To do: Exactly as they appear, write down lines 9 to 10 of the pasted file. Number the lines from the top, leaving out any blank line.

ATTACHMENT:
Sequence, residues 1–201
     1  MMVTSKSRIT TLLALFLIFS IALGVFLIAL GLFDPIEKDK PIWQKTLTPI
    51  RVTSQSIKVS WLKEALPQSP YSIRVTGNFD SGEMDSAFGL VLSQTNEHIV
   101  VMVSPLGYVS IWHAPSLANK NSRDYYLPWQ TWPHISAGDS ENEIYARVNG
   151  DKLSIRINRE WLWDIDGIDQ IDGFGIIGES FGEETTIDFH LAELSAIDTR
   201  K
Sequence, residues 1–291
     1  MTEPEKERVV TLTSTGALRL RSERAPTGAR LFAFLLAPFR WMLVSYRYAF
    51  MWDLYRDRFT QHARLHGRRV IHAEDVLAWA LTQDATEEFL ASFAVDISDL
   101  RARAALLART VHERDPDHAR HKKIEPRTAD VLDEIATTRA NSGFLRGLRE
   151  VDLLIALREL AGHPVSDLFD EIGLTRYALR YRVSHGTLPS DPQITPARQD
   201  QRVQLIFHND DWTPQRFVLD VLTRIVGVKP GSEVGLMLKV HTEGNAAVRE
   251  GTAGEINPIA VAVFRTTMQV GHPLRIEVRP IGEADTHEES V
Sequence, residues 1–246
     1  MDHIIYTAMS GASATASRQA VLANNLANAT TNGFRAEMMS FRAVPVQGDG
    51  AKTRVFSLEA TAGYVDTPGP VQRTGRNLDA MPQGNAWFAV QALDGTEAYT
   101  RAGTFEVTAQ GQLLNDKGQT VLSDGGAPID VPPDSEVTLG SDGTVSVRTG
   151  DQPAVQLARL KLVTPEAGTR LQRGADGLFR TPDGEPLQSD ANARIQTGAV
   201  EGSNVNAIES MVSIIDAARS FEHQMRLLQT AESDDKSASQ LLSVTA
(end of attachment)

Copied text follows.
    51  MWDLYRDRFT QHARLHGRRV IHAEDVLAWA LTQDATEEFL ASFAVDISDL
   101  RARAALLART VHERDPDHAR HKKIEPRTAD VLDEIATTRA NSGFLRGLRE